Body composition indicators of 7-14 year Andibila children in Oju, Nigeria

  • DT Goon
  • LO Amusa
  • BS Shaw
  • I Shaw
  • SW Akusu
Keywords: Body mass index, overweight, body composition, rural children


Anthropometry provides a useful indicator, both for growth and nutritional assessment. The Andibila is an isolated population living at the Andibila mountain characterized by aboriginal lifestyle. Their anthropometrical profile is undocumented. This study presents the anthropometric and body composition profiles of Andibila children living on a mountain in Oju, Nigeria. A cross-sectional study was carried out involving 76 boys and 44 girls aged 7-14 years. Anthropometric measurements, including body mass, stature and skinfolds (triceps, subscapular, supraspinale and medial calf) were taken. Body mass index (BMI), percent body fat, fat mass (FM), fat-free mass (FFM) and subscapular/triceps skinfold ratios (STR) were calculated. The mean values for triceps, subscapular, supraspinale and medial calf skinfolds were significantly (p = 0.001; p < 0.05) higher in girls compared to the boys. Percentage body fat, fat mass and sum of skinfolds were significantly higher (p = 0.001; p < 0.05) in girls compared to the boys. The STR as an index of fat patterning did not yield any significant gender difference (p = 0.346; p > 0.05). The prevalence of overweight was 1.2% and underweight 36.3%. Andibila children have a low level of adiposity whether assessed by BMI, skinfold percent body fat or STR. Obesity was absent, and only few were overweight. The data of the present study could serve as baseline data for further studies on anthropometric and body composition of Andibila children.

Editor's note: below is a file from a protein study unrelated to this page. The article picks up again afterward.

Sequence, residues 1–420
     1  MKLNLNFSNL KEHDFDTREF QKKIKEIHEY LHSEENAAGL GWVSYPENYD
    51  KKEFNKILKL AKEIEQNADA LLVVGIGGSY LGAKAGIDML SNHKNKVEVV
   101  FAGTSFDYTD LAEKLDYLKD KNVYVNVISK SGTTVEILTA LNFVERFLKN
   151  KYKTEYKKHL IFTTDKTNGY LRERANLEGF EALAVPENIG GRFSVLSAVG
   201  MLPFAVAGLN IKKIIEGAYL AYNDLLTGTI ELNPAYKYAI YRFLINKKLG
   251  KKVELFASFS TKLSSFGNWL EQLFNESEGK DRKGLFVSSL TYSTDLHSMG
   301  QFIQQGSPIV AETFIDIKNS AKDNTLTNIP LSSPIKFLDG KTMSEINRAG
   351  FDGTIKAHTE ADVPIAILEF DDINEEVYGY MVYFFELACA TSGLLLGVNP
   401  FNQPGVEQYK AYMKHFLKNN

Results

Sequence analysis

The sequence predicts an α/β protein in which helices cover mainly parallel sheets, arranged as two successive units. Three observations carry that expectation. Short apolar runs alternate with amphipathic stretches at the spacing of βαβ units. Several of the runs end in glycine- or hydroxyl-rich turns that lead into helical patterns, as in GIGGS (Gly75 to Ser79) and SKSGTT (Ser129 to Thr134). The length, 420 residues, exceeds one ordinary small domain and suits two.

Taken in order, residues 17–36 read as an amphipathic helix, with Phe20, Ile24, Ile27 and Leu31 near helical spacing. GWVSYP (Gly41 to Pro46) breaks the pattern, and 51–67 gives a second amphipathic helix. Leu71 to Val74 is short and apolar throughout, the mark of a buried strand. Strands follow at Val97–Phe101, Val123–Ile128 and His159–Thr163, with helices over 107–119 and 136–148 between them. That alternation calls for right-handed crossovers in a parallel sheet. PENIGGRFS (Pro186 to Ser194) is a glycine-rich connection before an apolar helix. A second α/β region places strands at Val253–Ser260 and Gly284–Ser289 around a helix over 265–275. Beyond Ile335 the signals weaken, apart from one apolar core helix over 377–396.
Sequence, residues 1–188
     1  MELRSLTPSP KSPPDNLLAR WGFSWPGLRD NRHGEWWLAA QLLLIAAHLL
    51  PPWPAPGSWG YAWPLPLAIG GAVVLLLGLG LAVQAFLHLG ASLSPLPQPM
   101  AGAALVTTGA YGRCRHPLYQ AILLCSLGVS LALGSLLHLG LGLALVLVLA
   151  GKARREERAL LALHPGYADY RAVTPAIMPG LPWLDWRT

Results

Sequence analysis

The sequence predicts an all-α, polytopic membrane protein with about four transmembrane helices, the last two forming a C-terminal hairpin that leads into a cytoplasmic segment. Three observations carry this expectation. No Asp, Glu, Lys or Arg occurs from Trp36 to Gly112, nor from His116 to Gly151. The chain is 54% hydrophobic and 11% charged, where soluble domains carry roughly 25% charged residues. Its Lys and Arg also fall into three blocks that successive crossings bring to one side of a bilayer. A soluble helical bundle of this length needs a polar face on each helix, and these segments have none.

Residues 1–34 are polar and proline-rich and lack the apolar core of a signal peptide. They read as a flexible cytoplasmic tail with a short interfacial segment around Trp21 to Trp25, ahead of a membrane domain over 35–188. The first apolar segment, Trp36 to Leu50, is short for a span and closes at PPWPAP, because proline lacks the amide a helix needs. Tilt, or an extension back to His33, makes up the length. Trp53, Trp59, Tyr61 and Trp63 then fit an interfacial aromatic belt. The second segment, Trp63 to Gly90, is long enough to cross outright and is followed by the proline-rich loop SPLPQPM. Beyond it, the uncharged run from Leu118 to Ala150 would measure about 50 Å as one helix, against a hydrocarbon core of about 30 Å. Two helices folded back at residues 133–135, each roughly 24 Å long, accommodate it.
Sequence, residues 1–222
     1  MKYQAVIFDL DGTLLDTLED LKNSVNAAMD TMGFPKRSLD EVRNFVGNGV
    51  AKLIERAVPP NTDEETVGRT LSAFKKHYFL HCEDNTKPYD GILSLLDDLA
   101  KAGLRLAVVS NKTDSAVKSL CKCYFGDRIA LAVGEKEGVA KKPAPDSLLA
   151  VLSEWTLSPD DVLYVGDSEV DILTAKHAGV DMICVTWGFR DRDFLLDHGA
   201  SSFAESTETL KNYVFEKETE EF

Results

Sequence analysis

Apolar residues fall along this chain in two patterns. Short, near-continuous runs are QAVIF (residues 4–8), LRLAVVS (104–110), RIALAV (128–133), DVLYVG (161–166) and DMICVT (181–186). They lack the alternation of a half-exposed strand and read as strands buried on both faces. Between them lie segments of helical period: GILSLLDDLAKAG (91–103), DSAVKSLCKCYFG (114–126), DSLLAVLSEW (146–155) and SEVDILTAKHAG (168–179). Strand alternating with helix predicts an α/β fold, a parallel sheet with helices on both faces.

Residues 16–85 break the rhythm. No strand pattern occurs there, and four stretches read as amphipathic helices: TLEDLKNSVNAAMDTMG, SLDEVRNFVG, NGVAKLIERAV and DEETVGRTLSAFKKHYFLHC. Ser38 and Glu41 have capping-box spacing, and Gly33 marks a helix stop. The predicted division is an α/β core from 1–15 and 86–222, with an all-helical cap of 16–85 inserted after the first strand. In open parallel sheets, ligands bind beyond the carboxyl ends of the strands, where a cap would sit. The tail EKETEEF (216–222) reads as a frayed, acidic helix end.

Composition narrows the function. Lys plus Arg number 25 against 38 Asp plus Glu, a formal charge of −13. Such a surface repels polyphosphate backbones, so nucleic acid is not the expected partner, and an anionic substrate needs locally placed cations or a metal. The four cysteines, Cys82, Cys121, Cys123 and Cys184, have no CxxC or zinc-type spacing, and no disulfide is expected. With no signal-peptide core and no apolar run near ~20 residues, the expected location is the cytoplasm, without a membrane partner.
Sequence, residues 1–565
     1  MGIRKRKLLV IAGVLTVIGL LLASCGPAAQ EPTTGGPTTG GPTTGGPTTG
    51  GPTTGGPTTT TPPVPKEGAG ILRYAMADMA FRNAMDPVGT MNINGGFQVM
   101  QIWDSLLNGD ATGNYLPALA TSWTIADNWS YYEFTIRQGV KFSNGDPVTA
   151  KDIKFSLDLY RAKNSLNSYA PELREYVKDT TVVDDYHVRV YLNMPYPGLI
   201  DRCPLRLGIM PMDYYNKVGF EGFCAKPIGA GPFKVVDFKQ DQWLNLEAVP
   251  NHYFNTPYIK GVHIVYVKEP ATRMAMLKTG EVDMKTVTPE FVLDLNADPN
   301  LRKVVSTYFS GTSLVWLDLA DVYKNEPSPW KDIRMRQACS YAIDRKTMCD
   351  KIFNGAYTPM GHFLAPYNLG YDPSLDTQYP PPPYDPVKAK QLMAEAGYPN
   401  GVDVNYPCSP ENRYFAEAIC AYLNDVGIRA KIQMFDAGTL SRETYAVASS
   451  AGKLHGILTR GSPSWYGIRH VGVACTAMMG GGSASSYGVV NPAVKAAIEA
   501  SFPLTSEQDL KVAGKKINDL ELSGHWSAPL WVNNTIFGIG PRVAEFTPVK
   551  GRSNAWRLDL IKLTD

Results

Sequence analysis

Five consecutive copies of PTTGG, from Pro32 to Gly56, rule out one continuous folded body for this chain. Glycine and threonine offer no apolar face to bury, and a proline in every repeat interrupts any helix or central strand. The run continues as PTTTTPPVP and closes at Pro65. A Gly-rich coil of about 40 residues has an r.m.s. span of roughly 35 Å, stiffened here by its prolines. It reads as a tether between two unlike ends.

Keywords: Body mass index, overweight, body composition, rural children.


Journal Identifiers

print ISSN: 2411-6939